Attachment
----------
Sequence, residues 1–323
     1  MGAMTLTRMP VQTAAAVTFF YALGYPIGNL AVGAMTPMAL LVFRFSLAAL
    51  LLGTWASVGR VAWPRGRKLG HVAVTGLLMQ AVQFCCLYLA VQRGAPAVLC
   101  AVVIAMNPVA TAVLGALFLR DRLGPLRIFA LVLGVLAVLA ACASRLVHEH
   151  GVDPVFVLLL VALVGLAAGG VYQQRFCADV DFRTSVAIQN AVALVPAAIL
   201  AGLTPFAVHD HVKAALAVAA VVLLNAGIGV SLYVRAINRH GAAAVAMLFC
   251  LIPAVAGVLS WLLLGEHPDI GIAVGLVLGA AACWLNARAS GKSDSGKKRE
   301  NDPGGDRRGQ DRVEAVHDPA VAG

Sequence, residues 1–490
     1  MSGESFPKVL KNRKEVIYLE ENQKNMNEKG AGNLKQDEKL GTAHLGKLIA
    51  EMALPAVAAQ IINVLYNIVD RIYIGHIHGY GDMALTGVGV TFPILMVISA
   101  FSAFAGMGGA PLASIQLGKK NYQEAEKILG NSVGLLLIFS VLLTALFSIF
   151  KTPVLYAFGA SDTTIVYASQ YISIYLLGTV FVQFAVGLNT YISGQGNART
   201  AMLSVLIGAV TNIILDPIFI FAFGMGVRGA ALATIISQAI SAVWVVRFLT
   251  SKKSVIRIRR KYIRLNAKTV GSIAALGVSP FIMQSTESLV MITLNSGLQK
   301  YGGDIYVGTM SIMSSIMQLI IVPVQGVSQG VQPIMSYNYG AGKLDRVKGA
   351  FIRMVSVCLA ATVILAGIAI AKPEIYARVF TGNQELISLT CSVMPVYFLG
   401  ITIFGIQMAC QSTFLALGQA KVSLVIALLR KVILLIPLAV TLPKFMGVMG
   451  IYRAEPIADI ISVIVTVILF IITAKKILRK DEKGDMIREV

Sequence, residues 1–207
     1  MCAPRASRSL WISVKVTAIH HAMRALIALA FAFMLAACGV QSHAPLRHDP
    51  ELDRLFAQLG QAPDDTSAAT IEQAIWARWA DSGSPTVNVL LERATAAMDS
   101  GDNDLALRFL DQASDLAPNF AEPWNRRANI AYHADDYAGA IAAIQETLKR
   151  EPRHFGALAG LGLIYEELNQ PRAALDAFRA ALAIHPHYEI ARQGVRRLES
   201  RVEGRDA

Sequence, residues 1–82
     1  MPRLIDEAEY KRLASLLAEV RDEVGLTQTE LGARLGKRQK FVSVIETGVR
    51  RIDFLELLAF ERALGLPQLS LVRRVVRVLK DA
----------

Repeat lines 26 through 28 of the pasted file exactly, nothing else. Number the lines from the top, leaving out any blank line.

Sequence, residues 1–82
     1  MPRLIDEAEY KRLASLLAEV RDEVGLTQTE LGARLGKRQK FVSVIETGVR
    51  RIDFLELLAF ERALGLPQLS LVRRVVRVLK DA